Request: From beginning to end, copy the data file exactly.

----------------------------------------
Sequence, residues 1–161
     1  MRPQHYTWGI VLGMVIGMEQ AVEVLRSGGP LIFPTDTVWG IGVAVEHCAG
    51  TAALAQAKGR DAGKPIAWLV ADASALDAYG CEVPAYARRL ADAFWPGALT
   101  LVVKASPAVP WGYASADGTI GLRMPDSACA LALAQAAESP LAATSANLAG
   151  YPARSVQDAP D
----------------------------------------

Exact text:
Sequence, residues 1–161
     1  MRPQHYTWGI VLGMVIGMEQ AVEVLRSGGP LIFPTDTVWG IGVAVEHCAG
    51  TAALAQAKGR DAGKPIAWLV ADASALDAYG CEVPAYARRL ADAFWPGALT
   101  LVVKASPAVP WGYASADGTI GLRMPDSACA LALAQAAESP LAATSANLAG
   151  YPARSVQDAP D